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Where one might expect righteousness (as in a court), one finds iniquity. But Solomon cautions, "Hang on. God will judge." Another important point to understand is that God's plan seems designed to show men how weak and meaningless they are in the overall scheme of life.
Even injustice and wickedness serve a purpose. Though they are painful for us to deal with, they provide a massive demonstration of our ignorance of our own nature, clearly revealing the overall character of mankind without conversion.
This is a tremendous benefit to the converted because they can always look at the world and ask, "Do I want those results?" If what we see in the world motivates us to fear God and follow the path toward His Kingdom—even though it might be painful, cause us to make a great many sacrifices, or put us under some kind of persecution or tribulation—it is doing a positive work for us if it helps to keep us on the track.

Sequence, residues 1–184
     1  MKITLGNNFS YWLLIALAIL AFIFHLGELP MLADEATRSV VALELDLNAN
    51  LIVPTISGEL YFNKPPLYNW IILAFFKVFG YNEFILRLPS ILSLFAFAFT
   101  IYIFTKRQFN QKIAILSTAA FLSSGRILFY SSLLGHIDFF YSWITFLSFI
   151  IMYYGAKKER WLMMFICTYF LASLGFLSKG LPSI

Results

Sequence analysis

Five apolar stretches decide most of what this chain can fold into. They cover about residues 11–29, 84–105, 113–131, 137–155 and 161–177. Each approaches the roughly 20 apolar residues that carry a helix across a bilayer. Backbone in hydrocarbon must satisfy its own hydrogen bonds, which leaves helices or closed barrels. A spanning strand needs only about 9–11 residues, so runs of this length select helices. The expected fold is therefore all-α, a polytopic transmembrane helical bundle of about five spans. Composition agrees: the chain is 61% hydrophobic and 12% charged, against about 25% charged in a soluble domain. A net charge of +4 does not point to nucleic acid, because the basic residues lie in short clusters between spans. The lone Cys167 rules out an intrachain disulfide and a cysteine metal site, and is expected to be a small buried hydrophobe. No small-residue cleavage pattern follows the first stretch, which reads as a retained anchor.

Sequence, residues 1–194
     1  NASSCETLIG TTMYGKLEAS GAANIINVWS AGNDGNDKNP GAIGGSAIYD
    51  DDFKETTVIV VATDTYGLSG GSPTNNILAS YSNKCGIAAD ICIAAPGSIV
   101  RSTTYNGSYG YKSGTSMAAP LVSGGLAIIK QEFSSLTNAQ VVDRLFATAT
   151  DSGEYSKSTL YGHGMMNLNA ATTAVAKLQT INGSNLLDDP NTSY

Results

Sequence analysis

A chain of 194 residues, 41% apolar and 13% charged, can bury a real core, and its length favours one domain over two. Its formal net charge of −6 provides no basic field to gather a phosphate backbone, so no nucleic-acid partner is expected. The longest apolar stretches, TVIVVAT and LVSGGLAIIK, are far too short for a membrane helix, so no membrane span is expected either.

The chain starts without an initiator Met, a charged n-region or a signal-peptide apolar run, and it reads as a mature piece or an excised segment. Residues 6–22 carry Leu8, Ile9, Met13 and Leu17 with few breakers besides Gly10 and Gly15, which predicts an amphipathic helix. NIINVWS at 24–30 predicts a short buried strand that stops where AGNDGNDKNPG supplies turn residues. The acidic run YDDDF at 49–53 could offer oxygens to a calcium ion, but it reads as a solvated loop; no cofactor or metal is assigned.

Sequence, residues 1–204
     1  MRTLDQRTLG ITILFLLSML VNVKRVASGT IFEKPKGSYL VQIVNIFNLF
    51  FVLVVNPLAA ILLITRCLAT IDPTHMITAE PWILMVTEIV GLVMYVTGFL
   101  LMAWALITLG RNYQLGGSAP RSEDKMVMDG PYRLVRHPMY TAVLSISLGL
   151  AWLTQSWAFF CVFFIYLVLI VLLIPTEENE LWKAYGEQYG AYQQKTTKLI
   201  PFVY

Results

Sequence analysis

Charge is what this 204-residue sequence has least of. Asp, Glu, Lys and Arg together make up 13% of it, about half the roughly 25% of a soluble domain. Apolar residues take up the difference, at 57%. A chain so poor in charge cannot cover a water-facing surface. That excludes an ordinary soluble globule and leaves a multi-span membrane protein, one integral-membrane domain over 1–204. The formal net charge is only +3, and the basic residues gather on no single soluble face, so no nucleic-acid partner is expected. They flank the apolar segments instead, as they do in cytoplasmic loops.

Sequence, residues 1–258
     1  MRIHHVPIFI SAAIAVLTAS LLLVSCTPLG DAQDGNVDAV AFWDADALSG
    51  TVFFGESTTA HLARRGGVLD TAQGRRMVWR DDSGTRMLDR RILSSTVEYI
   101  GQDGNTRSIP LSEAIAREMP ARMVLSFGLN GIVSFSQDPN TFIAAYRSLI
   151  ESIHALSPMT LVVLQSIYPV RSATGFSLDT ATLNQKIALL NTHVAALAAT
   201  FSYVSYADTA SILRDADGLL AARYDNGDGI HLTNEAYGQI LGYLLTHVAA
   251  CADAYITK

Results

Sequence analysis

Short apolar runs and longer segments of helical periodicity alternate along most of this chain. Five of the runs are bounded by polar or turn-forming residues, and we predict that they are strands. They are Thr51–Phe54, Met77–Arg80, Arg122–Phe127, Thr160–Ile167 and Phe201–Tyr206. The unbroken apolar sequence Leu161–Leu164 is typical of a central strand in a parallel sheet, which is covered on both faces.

If there were no benefit from it, God would not permit it. If we did not know what evil was, we could not repent. The world shows us, in lurid detail, what evil is. We have the opportunity to evaluate whether or not we want to do the things that have produced this world. Even in the courts, we will see evil, and we see it even in religion. Solomon says we should expect it and not be overly frustrated by it. Instead, we should learn from it.
John W. Ritenbaugh
Ecclesiastes and the Feast of Tabernacles (Part 2)